Examination of Witnesses (Questions 151-159)|
JOHNSON MP, MS
10 FEBRUARY 2005
Q151 Chairman: Good morning. Can I welcome
our next group of witnesses. Minister, I particularly welcome
you. We are most grateful for your attendance today. As you are
aware, this session in a sense is partly a follow-up to our sexual
health inquiry and also looking at the HIV/AIDS issue and the
charging regime. Can I ask each of you briefly to introduce yourselves
to the Committee please.
Miss Johnson: I am Melanie Johnson
and I am the Minister for Public Health.
Ms Ryan: I am Elizabeth Ryan and
I lead on charging for overseas visitors within the Department.
Mr Dessent: I am Geoff Dessent,
the Deputy Head of Sexual Health and Substance Misuse in the Department
Q152 Chairman: We are very grateful for
your co-operation in the inquiry. Can I say, first of all, that
I think it is important to place on record that we appreciate
the steps that were taken by the Department in response to our
Sexual Health Report. We picked up a number of areas where the
Government have acted and we generally appreciate the fact that
what we suggested has been listened to. Having said that, one
of the areas that we talked about, as you are aware, Minister,
was the 48-hour access and that was an area where the Government
has indicated that steps have been taken to try and ensure that
people do have that access at a reasonably quick period from when
they know they have got a problem. The evidence that we have got
is that that is not actually working. The evidence that we have
got from the witnesses that we have had in this short inquiry
is that the picture that we got 18 months ago is now considerably
worse. I think you will have seen the evidence that the demands
upon the service are such that in a sense this 48-hour access
is meaningless. How do you see it working and do you feel that
there is a need to take further steps to address the problems
that are being picked up?
Miss Johnson: Did you say at the
end of that that you thought the 48-hour target was meaningless?
I am just checking that I heard you.
Q153 Chairman: I do not think it is meaningless.
I think the picture that we are getting is that it is not working
because the GUM centres are basically so overwhelmed that they
cannot meet that target. Let me just give you an example. Last
week I had a meeting with a sexual health project in west Yorkshire,
called Yorkshire Mesmac and they particularly help gay and bisexual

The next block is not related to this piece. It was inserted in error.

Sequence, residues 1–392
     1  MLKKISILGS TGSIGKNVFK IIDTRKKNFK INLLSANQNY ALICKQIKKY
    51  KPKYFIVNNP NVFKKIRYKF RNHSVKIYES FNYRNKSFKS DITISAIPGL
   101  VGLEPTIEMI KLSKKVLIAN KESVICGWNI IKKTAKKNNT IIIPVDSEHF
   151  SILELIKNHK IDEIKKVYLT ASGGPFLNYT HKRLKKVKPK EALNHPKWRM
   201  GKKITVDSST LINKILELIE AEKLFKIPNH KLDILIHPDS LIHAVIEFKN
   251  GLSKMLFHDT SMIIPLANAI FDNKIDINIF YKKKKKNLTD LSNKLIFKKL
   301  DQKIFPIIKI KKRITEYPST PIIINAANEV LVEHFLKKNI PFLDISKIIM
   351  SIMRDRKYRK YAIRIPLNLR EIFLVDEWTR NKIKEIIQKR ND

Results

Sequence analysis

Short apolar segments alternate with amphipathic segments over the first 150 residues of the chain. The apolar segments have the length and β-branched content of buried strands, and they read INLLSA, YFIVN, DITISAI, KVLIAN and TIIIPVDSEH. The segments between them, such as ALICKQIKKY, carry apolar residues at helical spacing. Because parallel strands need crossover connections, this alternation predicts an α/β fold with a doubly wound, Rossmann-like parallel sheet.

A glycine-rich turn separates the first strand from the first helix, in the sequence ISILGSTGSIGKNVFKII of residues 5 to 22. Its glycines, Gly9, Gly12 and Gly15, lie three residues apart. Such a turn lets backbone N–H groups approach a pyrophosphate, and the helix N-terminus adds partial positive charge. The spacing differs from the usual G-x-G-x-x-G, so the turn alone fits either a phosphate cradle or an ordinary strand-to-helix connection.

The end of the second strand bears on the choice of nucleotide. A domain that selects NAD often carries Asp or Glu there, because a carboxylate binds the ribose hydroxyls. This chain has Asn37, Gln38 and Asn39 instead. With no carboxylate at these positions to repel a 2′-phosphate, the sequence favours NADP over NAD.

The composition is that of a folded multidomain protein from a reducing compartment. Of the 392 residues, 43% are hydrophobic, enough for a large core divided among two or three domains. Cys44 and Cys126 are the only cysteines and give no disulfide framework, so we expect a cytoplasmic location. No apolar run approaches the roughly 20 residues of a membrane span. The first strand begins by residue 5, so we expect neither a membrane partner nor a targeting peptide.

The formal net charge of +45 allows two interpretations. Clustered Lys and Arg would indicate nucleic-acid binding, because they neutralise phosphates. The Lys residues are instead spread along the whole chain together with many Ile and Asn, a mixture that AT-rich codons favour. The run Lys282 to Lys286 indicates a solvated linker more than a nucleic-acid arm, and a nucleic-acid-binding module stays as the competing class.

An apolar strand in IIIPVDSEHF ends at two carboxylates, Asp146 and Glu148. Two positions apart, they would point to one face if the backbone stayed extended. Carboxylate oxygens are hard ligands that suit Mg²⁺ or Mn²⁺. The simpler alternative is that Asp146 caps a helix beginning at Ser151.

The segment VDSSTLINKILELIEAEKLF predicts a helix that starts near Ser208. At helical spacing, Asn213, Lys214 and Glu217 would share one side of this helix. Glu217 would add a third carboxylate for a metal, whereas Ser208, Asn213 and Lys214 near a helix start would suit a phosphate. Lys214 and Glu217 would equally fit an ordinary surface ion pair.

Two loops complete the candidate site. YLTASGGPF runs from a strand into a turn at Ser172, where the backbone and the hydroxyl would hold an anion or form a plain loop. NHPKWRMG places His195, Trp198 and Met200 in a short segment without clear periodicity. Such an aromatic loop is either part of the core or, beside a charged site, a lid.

men. They were talking in particular about the 48-hour target
and they were saying that it is meaningless. They said, "For
example, at least one clinic in west Yorkshire `guarantees' an
appointment within 48 hours. However, this is achieved by not
answering the telephone once all the following two days' appointments
are full", and this is from Tom Doyle the Director of Mesmac.
They are genuinely worried that people continue to be turned away
when they are attempting to access services, knowing that they
have got a particular problem.
Miss Johnson: Well, you have highlighted
one apparent problem there which I am not aware of and I will
certainly look into that. What I say overall is that obviously
the 48-hour target is very far from meaningless. One of the ways
in which we have driven improvement across the Health Service
much more widely is by the judicious use of targets in key areas
where we need to drive up performance, and all the evidence is
that actually that has brought about a remarkable improvement,
along with the investment and the reform, in the standards of
service, the access times and so forth, so improving the quality
of services to patients. I am sure that that will apply with the
48-hour target. The 48-hour target is for 2008 and we realise,
because we started from a low base and there is a problem which
we have acknowledged and your report has highlighted of sexual
health, that investment is only recently going in to sexual health,
so that is a target for 2008 which we are working towards. We
have got for the first time, as a result of the survey which we
have undertaken on that, a good understanding of what the current
waits have been. We will get updated information based on the
recent survey on that. I believe that that shows a small improvement
is likely to be taking place in fact in the waiting times, but
we will have to see how that looks and what direction that is
going in, but overall £130 million extra has just gone out
only yesterday to primary care trusts as part of their funding
through the announcement the Secretary of State made in the House
yesterday and that money is specifically designed to do things
like improve access and GUM facilities and is going to PCTs for
that purpose. Now, I know, before you raised the question with
me, that there is always a question raised about whether this
money goes on and is used for the purpose for which it is meant,
but for the first time ever we are actually making sure that the
local delivery plans, the LDPs, for the PCTs have to include a
reference to what they are doing on sexual health and they will
be assessed against that and it will have to reflect the local
needs and local demands. I am sure for one thing that your example
earlier on is something that is going to be of interest to the